Emboldened by the success with transporting the series of Transformers toys and cartoons into a fully fledged movie franchise, Hasbro extended their reach with G.I. Joe and Battleship flicks, the former which was trashed by critics but modestly financially successful, the former which was shunned by all. Still, Paramount must have thought there was enough of a heartbeat in G.I. Joe to continue with a second outing. Sadly, if it were a dog, it would have been put down long ago.
Following on from the events of its predecessor, Cobra Commander (Luke Bracey) has been captured by the Joes and encased in a watery solitary confinement tube, however Zartan (Arnold Vosloo) has successfully infiltrated the White House, posing as a double of the United States of America whilst the real President (Jonathan Pryce) is kept hostage. When the Joes are framed for the theft of nuclear weapons and subsequently wiped out by order of Zartan, the survivors, including Roadblock (Dwayne Johnson) must band together with former foes in order to foil plans for worldwide destruction.
Originally planned for a (U.S.) summer 2012 release, Paramount Pictures pulled the film just weeks before release and delayed it for nine months, in a move that many pundits proclaimed was due to terrible audience reaction and to beef up the role of heart throb Channing Tatum. However, the real reason was to post-convert the film to 3D and give the film a little more breathing room in a crowded marketplace. The move seems to have paid off for the studio (I hear they've already greenlit a third movie), but the film whether in 2D or 3D is still a mess, albeit an entertaining one.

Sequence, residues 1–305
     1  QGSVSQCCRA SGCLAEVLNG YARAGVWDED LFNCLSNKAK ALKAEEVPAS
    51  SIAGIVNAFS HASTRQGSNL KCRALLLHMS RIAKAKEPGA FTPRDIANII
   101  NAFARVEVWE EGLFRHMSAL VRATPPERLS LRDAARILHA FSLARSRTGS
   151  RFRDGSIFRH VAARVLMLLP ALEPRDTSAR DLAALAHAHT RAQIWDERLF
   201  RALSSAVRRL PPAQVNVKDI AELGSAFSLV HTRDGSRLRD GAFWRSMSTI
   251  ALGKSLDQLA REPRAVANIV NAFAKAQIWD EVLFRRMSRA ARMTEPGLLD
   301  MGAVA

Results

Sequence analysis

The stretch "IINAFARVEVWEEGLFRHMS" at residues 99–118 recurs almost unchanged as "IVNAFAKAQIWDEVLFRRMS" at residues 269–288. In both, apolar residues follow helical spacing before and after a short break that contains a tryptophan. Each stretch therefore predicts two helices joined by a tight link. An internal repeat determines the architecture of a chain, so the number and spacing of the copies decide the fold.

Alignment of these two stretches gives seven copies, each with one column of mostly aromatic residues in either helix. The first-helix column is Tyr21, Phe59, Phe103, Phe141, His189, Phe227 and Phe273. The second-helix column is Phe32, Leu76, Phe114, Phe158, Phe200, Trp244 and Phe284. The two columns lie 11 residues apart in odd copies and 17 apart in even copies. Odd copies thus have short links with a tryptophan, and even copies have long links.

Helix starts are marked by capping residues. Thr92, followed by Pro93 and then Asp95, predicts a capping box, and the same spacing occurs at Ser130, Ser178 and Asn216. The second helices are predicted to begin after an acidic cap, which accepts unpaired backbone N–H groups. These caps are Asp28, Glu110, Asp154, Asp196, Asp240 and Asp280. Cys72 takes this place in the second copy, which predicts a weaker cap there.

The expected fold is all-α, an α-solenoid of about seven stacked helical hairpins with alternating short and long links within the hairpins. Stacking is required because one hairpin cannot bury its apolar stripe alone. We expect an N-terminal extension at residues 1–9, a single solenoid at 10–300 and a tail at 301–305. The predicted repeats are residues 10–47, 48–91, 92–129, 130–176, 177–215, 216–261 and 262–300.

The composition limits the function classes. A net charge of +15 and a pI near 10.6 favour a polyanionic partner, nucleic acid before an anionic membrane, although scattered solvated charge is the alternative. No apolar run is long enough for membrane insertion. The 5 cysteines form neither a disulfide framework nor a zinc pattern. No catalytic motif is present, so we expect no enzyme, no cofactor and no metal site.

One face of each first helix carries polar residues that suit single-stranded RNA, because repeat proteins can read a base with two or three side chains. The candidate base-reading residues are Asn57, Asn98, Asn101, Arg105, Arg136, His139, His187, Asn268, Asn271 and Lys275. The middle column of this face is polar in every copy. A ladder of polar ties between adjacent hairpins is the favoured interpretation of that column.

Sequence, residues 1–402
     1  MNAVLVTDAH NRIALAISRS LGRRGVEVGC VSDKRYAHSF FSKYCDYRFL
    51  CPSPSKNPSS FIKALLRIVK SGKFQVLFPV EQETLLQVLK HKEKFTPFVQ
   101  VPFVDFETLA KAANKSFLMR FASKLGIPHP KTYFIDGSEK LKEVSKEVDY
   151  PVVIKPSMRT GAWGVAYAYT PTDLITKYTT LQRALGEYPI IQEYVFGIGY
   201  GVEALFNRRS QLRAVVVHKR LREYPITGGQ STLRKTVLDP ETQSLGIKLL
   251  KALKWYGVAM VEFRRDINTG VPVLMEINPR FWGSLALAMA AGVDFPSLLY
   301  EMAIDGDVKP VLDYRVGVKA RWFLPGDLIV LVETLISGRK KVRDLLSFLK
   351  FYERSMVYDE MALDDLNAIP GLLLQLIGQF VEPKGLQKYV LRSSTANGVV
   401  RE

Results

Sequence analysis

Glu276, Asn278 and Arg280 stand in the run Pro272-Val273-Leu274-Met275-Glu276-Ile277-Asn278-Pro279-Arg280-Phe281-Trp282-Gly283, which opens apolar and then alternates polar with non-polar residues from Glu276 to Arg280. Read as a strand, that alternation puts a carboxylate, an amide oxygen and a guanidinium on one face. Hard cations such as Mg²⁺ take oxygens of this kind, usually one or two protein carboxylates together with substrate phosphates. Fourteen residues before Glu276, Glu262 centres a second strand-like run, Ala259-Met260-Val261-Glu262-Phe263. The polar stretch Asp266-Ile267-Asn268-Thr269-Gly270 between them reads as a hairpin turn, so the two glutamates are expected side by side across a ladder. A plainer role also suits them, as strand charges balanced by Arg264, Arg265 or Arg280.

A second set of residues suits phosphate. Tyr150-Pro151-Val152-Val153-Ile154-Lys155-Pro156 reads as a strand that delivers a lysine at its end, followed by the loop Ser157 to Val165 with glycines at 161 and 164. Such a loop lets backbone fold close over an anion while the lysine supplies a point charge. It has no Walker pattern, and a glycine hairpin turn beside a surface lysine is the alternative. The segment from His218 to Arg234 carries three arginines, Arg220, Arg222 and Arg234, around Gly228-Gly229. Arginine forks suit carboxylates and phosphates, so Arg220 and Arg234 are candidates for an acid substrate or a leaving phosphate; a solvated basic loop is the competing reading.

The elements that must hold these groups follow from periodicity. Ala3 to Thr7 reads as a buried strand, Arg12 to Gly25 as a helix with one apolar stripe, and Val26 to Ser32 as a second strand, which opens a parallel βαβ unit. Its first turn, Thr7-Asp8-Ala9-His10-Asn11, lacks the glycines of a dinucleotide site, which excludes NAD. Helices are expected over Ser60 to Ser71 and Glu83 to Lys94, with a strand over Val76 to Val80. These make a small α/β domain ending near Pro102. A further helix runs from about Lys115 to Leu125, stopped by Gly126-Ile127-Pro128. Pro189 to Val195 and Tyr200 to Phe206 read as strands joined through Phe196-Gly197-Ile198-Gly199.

Recasting some roles and writing out others, with new writers and a new director, G.I. Joe Retaliation is as much of a reboot as it is a sequel, representing a change of tone from its predecessor, eschewing some of the forced humor in favor of a straight up action adventure. Sadly, the unnecessarily convoluted plot has not been rectified, leaving a confusing mess of a film that's despite being made up of all the right elements, including some impressive visual effects from Industrial Light and Magic, fails to gel together in anything resembling a cohesive bond.
Stars such as Channing Tatum and Dwayne Johnson are reliable leads and lend the film some much needed gravitas (if I can use the word so lightly), whilst Adrianne Palicki provides the eye candy, however it's just not enough to overcome a plot that didn't need to be so 'clever'.
Still (and I know I'm at the risk of letting the film go easy), there is a small, but quantifiable amount of entertainment value to be found here, such that it's at least worth a drunk Saturday night viewing, although waiting for a cheaper home video session would be infinitely preferred. However, if you do feel the need to see it at the cinema, at least skip the 3D showings - the conversion by Digital Domain Stereo Group is extremely aggressive, with significant 3D pop-out that caused me the most painful 3D induced head ache I've ever experienced. Definitely not worth the surcharge for that.